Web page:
In a crucial new study from Cornell University, scientists have discovered that the microscopic lifeforms known as microbes significantly influence the amount of carbon stored in the soil, a discovery that carries profound implications for climate change mitigation and agricultural soil health enhancement.
Microbes, it turns out, are pivotal actors in the soil carbon cycle. The study authors have determined that microbial processes, in fact, are four times more critical to carbon storage than any other process, including biomatter decomposition. This finding is particularly crucial because our planet’s soil holds three times more carbon than the atmosphere, acting as a crucial carbon sink in our fight against climate change.
Published in the journal Nature, the research introduces an innovative technique to delve into the intricacies of soil carbon dynamics. The method marries a microbial computer model with data assimilation and machine learning to meticulously analyze big data linked to the carbon cycle.
At the heart of the investigation is a measure known as microbial carbon use efficiency. This metric reveals the carbon quantity utilized by microbes for growth versus the amount used for metabolism. Carbon used for growth is sequestered by microbes within their cells and ultimately within the soil.
On the other hand, carbon used for metabolism gets released as a side product in the form of carbon dioxide, contributing to the greenhouse effect. The team concluded that microbial growth plays a more critical role than metabolism in determining the soil’s carbon storage.
Study senior author Professor Yiqi Luo emphasized the importance of the findings: “This work reveals that microbial carbon use efficiency is more important than any other factor in determining soil carbon storage.”
These newfound insights steer agricultural scientists towards exploring farming management practices that could impact microbial carbon use efficiency, thus enhancing soil health and bolstering food security.
Future studies may aim to boost soil carbon sequestration by microbes and explore how diverse types of microbes and substrates (such as sugar-rich ones) could affect soil carbon storage.
Despite the two centuries of research focusing on soil carbon dynamics, previous studies mostly focused on the carbon quantity entering the soil via leaf litter and roots, and the amount lost to the air as CO2 during organic matter decomposition. “But we are the first group that can evaluate the relative importance of microbial processes versus other processes,” said Luo.
In a groundbreaking move that showcases the power of digital agriculture, Luo and his team have devised a novel method to assimilate big data into an earth system computer model using data assimilation and machine learning. The model revealed that the carbon use efficiency of microbe colonies significantly outshines other components evaluated, such as decomposition and carbon inputs.
The innovative process-based model and machine learning approach provide a new avenue for analyzing other types of big data sets.
The study was funded by several entities including the National Science Foundation, the National Key Research and Development Program of China, and the National Natural Science Foundation of China.
Soil is not just a simple mix of minerals and dead plant material. It’s a vibrant, living ecosystem, teeming with life forms ranging from the visible, like insects and worms, to the invisible, like bacteria and fungi. Among the invisible life forms, microbes play a particularly crucial role.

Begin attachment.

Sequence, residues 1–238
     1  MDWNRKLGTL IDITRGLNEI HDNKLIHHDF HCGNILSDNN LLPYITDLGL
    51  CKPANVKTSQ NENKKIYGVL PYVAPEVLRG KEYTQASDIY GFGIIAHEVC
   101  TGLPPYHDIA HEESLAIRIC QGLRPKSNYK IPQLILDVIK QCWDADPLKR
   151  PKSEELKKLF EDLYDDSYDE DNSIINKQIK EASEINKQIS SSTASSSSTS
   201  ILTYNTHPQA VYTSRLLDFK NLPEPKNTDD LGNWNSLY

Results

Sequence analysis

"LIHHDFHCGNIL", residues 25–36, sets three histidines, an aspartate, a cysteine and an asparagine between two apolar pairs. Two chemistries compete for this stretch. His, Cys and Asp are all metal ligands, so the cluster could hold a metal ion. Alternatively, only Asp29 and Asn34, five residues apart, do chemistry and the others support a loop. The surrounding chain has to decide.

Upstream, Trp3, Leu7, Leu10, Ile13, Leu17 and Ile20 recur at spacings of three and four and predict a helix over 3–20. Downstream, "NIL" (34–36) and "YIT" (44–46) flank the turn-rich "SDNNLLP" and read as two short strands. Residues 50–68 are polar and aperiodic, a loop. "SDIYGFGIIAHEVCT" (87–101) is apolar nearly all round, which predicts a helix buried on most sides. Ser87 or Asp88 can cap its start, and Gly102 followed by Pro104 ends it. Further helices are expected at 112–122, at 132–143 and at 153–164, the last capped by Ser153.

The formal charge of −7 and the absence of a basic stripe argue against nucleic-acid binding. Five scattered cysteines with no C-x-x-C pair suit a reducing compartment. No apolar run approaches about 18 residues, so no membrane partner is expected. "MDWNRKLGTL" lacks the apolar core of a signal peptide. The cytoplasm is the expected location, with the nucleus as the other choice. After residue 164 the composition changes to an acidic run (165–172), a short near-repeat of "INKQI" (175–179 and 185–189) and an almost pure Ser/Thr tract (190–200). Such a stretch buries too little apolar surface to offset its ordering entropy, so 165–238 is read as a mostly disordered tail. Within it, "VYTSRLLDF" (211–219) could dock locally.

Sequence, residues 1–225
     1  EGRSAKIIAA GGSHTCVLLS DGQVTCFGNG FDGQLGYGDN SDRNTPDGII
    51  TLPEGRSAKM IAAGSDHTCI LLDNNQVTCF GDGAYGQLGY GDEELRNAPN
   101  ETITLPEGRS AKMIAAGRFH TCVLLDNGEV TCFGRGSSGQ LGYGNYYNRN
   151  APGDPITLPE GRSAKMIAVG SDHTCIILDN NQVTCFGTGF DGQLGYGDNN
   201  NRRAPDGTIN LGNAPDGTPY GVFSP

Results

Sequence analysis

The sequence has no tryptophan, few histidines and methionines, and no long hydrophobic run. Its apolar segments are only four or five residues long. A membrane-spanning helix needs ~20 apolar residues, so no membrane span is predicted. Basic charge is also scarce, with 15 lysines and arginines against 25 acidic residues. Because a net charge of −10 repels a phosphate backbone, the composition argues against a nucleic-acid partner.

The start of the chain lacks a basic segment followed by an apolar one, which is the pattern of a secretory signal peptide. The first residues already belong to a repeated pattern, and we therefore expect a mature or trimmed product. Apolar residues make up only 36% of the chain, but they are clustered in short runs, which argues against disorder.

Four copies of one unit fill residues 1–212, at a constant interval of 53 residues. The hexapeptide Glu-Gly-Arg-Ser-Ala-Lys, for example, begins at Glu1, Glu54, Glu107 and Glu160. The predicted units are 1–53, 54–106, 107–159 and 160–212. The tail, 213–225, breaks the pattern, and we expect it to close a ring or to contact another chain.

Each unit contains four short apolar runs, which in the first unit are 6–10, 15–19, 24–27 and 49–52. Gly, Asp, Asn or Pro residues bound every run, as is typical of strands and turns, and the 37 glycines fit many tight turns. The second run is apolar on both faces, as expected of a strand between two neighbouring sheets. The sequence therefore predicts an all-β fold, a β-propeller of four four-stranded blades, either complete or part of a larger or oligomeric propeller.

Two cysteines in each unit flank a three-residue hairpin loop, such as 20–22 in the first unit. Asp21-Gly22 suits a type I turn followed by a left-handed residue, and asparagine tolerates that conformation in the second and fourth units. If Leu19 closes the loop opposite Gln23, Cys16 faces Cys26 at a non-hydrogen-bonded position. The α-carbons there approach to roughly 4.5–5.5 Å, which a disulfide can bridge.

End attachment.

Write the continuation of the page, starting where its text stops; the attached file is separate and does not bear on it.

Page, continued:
Microbes are microscopic organisms that include bacteria, archaea, fungi, algae, viruses, and protozoa. Soil is one of the most diverse habitats on Earth, with estimates of microbial diversity reaching as high as one trillion species.
Microbes form a significant part of the soil food web, a complex network of organisms that transfer energy and nutrients through the soil. They’re involved in a wide array of processes that are vital to both soil health and the broader ecosystem.
One of these processes is decomposition. Microbes break down dead plant and animal material, turning organic matter into simpler compounds. This process recycles nutrients back into the soil, making them available for plant uptake.
A particularly vital role of microbes is their contribution to the carbon cycle. By decomposing organic matter, microbes convert the carbon it contains into a form that can be used by plants. They also help sequester carbon in the soil. When microbes consume organic matter, a portion of the carbon is stored within their cells. When they die, this carbon can become part of the soil organic matter, effectively storing it in the soil.
Nitrogen fixation is another key process that some soil microbes perform. Certain bacteria, particularly those that live in symbiosis with legume plants, can take nitrogen from the air and convert it into a form that plants can use. This process is a critical part of the nitrogen cycle and helps maintain soil fertility.
Moreover, soil microbes play a vital role in soil structure. Through their activities, they help create soil aggregates—small clumps of soil particles. These aggregates improve soil’s ability to retain water and air, supporting plant growth.
However, soil microbial communities can be sensitive to changes in their environment, including shifts in temperature, moisture, and pH, as well as the introduction of chemicals or pollutants. Agricultural practices such as overuse of chemical fertilizers or pesticides, or practices that lead to soil compaction or erosion, can harm these communities and disrupt the important processes they carry out.
In short, while they might be out of sight, soil microbes are critical for soil health, plant growth, and global carbon and nitrogen cycles. Understanding and preserving these tiny soil inhabitants is crucial for sustainable agriculture and a healthy planet.